May 5, 2008

Aleppo, Syria

When I arrived in Aleppo with full body cover, ankle length jeans and a long sleeve shift dress, I felt pretty darn close to naked. This beat my one-piece bathing suit at the Dead Sea among a large group of school girls taking a dip in their pants and jackets. Aleppo was the first city I traveled to in the Middle East where a majority of women were covered in either only-eyes-peering-out or no-face-showing-at-all hijab (Islamic dress of beyond floor and wrist length black dress, black veil and black gloves). In other cities, with a mixture of tourists, Christians and moderately dressed Muslim, I have felt as though I have blended in with the human terrain, but here I felt like a fluorescent bulb in a sea full of black ghosts and it absolutely fascinated me. Coming from a western culture where a person’s character is so often judged by what they wear and how attractive they are, it was intriguing to think of moving through public so anonymously. And interesting too was the contrast between mother and young daughter, who until the age of 12 or 13, can enjoy all the western style short sleeve shirts, rhinestone denim jeans and mini skirts and sparkly headbands her heart desires. I suppose the grass is always greener on the other side; I am sure that most of these women would welcome the freedom of choice and self expression with outward style whereas, growing up with this opportunity, the thought of having a rest from the everyday decision making process of what to wear or how to fix your hair seems strangely refreshing. Often though, when we make an effort to reveal the mysteries that exist under the surface, we may find ourselves surprised with the discoveries. There are many risqué lingerie shops lining the streets of Aleppo that would put Victoria Secret to shame and the word on the street is that the majority of customers are from some of the most culturally conservative countries such as Syria and Saudi Arabia, leaving one to wonder what is really being expressed under those Abayas (black dress of the Hijab) and behind closed doors.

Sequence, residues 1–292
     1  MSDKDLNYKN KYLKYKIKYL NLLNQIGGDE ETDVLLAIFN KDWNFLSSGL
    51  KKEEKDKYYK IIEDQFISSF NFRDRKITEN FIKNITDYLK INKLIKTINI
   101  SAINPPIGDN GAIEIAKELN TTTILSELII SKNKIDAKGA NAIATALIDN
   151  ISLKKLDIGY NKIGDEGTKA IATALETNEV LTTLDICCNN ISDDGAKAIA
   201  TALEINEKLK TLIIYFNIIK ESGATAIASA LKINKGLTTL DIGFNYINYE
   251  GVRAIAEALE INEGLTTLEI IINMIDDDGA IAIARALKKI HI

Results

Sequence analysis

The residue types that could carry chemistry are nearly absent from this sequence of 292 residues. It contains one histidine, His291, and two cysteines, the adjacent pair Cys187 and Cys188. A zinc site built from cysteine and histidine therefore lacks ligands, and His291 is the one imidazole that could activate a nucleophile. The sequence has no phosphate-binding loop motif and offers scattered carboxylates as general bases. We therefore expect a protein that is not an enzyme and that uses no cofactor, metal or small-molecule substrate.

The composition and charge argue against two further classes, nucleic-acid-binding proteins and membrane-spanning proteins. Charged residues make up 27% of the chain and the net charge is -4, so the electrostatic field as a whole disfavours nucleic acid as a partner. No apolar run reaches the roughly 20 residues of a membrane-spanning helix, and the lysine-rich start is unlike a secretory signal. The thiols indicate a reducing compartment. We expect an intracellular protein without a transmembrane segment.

With all this female intrigue happening in my head, it must have triggered my reproductive system into action because I got my monthly call of nature the second day there. I needed to get some products so I went to the pharmacy where I was greeted by three old and smoky Syrian men who had very confused and blank looks on their faces when I tried to explain what a tampon was in we-don’t-speak-the-same-language hand signals. It became quite comical and after one man was about to hand me something that looked like a pregnancy test, an obvious miscommunication of sign language, I decided to try my luck elsewhere where I eventually found an English speaking pharmacist.
Aleppo as a city holds much of the same curiosity and contrast as the predominant female dress code and once the laminate is pried it is an exciting place to explore. For instance, I met a Syrian importer of modern Parisian and Italian furniture brands such as Roche Bobois and Natuzzi in a bar in the Muslim section of Old City. That whole sentence seems to spell contradictions – modern furniture in old city at a bar in the Muslim part of town. Much like the push for modern galleries among all the remaining antiquity. My first day there I visited the Citadel, which sits on the highest hill overlooking the city and beyond and hosts a balanced mix of tourists and locals making it an especially relaxing place to visit toward sunset when the day’s heat has subsided. Getting terribly but happily lost on the streets, passing from the maze-like district of the Christian quarter to the open- air marketplaces of the city, gives a good, albeit tiring, glance of the high voltage energy of everyday life. I entertained my palate by Kebab hopping, since Aleppo is home of the world famous Arabic invention, and after walking into many men-only restaurants and passing through the initial all-eyes-on-me moment, I proved I could stuff my face just like them.
The surrounding landscape is equally inspiring and full of activities from visiting the famous St. Simeon Basciilica where some crazy monk preached on a pillar for forty years and traveling through natural limestone covered hills filled with the scattered ruins of those building frenzied Romans, called “Dead Cities”, to picnicking among the olive tree farms by Lake Assad which was created from a dam at the Euphrates river.
I felt prematurely nostalgic on my way out of the country and when it looked as though the border guards weren’t going to let me leave I was momentarily excited for my involuntary confinement. I left a trail of sights to still see and coupled with my new Syrian friends I will always have good reason to return.

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